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The concept is nice but its implementation feels a bit weak. Few upgrades feel incredibly significant while others feel like basic skills the player should have by default like the basic heavy attack or delayed attacks. I’m also not a fan of the heavy attack using Force power. It feels weird, and I never found myself dedicating Force energy to it very often. It’s a slow move that needs to be timed and the basic attack works just fine up close. The double-bladed lightsaber version brings a little more utility, but it just seems silly to waste Force energy on a heavy attack. Your other abilities accomplish the same things just as efficiently, if not more. The combat has its high points and low points. Unless you’re someone who likes to practice and experiment in games like this, the combat is overall average.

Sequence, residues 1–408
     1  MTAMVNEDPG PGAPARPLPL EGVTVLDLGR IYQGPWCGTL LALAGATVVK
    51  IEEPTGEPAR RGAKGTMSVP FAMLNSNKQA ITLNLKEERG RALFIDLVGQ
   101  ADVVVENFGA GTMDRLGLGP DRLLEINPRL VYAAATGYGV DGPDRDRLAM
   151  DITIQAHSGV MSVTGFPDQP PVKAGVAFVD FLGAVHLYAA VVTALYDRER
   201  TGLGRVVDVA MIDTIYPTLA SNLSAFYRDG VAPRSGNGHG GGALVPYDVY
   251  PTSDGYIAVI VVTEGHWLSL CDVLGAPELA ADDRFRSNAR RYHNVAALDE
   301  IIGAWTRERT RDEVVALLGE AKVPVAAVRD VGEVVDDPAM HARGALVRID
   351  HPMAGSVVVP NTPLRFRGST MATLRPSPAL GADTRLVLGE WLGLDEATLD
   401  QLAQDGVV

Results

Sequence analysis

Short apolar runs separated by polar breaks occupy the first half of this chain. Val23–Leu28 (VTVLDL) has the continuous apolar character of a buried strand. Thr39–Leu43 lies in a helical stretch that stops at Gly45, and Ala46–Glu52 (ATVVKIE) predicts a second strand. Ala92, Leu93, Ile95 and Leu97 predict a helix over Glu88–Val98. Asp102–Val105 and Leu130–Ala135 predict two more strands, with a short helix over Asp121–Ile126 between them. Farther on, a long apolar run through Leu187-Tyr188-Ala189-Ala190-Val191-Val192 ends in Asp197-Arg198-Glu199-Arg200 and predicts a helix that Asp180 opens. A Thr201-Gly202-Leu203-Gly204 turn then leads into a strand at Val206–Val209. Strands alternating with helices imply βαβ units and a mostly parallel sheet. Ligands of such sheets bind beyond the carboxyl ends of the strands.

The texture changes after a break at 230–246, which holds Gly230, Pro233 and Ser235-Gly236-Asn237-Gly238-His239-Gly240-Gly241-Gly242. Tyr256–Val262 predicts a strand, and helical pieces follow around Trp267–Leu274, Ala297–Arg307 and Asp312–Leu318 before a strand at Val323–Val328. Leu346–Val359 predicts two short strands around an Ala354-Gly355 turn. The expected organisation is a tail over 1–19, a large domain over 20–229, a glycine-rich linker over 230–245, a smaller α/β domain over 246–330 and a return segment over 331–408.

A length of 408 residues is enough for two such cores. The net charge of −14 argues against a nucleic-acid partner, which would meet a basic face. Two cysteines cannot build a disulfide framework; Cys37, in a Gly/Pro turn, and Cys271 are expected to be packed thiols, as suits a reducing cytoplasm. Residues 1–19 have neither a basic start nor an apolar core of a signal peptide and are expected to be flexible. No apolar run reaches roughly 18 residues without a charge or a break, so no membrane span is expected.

Outside of the upgradeable abilities, you also unlock skills through normal progression and acquire a few pieces of gear continuing the Tomb Raider feel. These abilities are also used to further help you traverse through the Metroidvania style level design of the game’s planets. Some of them feel a bit underwhelming like the breather and the wall-run. The former of which allows Cal to dive underwater since he apparently can’t hold his breath to do so. The latter is only utilized on specific surfaces in the game and feels awfully limiting as a result.